Posts Tagged ‘ german reunification ’

“Generation Wall” for free!!!

19. Januar 2012 | von | Kategorie: Blog, Mauergewinner Leseproben

Generation Wall

Generation Wall


Only this weekend (01/20/2012 – 01/23/2012) you can get my ebook „Generation Wall“ for free!
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(nur dieses Wochenende (20.01.2012 – 23.01.2012) gibt es mein Ebook „Generation Wall“ gratis!)
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With the publication of his autobiographical debut novel ‘Mauergewinner’ (Engl.: Generation Wall) Mark Scheppert was immediately quite successful. He even reached number one of the BoD bestselling list in Germany.

“He hadn’t moved a single bit – but nonetheless converted from Ossi to Wessi. His whole life M.S. has been living in the Eastern part of Berlin. At his 37th birthday he experienced his personal turnaround.”
Spiegel Online

– Amazon.de in Germany
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– Amazon.co.uk in Great Britain
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– Amazon.com in the USA
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– Amazon.fr in France
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– Amazon.it in Italy
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– Amazon.es in Spain
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When I started writing these stories in 2008, I pledged to create something NEW and EXCEPTIONAL about the German Democratic Republic that does not exist so far and reflects the feelings of my generation. Why? Well, it was odd. Nowhere in these supposedly typical literary monuments for this dematerialised country, I could picture myself. I did neither belong to this generation of “Zonenkindern” (“Children of the occupation zones” by Jana Hensel), nor did I live in “Sonnenallee” (“At the shorter end of sun alley” by Thomas Brussig or in a “Turm” (“The Tower” by Uwe Tellkamp). My youth, my experiences and my fights with this strange place called GDR did not occur in these books. And certainly not my emotions that I associated with this time. Bizarre.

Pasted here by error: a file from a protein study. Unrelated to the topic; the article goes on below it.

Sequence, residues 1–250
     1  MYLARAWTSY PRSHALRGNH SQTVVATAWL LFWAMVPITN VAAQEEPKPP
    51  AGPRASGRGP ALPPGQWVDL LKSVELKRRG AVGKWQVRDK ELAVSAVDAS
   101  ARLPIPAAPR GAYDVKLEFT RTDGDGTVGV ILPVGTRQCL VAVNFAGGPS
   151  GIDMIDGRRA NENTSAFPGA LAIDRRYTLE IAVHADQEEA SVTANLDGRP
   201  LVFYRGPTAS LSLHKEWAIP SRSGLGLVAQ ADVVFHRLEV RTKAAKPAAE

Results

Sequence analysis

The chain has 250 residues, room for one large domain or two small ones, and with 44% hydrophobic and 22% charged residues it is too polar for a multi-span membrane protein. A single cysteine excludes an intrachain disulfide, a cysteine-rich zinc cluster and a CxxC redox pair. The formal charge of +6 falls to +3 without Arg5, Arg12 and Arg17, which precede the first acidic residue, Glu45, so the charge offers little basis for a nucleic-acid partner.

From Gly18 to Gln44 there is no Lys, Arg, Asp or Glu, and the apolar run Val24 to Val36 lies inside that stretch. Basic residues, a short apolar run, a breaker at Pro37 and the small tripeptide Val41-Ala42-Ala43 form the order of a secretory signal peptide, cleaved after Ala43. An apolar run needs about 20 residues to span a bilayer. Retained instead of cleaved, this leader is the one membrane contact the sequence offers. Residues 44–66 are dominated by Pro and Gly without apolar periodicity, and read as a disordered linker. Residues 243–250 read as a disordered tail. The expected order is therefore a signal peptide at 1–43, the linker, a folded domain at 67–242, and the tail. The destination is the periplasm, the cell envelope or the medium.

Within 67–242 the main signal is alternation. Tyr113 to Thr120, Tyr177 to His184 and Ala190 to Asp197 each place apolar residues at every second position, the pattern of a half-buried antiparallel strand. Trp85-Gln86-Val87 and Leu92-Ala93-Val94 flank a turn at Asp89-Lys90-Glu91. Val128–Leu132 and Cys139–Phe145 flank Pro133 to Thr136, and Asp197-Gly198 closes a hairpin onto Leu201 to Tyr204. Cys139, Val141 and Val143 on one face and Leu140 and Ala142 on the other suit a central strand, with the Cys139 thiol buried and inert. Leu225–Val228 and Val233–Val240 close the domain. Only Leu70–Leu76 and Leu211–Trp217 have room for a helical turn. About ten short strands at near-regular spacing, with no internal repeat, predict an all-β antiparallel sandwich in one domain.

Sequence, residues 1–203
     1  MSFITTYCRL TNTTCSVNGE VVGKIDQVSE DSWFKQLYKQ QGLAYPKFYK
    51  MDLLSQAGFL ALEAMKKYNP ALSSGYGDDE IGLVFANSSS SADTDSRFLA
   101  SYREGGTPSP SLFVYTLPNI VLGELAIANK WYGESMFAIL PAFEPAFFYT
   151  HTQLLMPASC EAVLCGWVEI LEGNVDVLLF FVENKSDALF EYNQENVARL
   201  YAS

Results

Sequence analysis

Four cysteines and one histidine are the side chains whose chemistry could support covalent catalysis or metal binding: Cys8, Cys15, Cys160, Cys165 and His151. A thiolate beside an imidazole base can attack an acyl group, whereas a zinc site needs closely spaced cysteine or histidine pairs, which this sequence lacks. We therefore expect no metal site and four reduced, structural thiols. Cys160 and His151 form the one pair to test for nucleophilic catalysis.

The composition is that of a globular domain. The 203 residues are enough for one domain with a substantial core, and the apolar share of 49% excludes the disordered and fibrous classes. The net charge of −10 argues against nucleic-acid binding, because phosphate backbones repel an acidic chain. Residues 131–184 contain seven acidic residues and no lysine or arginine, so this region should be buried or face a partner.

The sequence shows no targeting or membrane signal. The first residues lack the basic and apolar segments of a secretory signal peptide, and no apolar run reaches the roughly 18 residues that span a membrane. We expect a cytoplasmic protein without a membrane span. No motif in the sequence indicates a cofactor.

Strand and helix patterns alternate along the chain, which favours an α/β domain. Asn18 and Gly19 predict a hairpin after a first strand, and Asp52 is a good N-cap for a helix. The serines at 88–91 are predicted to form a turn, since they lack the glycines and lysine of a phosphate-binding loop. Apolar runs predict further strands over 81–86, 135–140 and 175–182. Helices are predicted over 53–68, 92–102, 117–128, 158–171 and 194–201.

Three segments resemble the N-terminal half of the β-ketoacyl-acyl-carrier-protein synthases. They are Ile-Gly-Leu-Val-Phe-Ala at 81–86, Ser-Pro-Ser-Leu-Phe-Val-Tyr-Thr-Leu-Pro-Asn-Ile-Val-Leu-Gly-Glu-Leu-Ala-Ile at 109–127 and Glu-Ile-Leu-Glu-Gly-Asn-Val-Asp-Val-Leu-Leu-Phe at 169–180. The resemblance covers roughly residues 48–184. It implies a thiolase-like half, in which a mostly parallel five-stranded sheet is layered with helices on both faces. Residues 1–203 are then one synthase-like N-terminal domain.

Was I so different?

That could not be true. Once again I had this sinister feeling that until today we, the Ossis, have not found our own voice that is able to tell the stories of our past with dignity and self-confidence, humorous but sober, without playing something down, kitsch, nostalgia or glorification and definitely far away from coming to terms with the political past.
I thought that in this reunited Germany, there has slowly grown an image of the GDR that has nearly nothing in common with the GDR I lived in.
Has a piece of me indeed vanished with the GDR? My experiences and memories were still alive, but to keep them, I needed to write them down. I had no idea how difficult it turned out to be to reflect this time as I planned – witty, honest but also cautious and avoiding typical patterns.
I tried hard not only to remember but to connect past and present, to find out what the heritage of the GDR did to the Germany of today. Moreover, I wanted to know in how far the former living in the GDR has influenced my personal development.

I knew what I was looking for, the tiny little things, the precise ones, the details that maybe can show the whole situation. My family with all its strange rituals, my friends with all their mad ideas, school, sports competitions and my personal surroundings – all those parts form the whole thing. And not to forget – this strange feeling to be submitted to the merciless mechanisms of a totalitarian state – that was coming up for the first time at this age.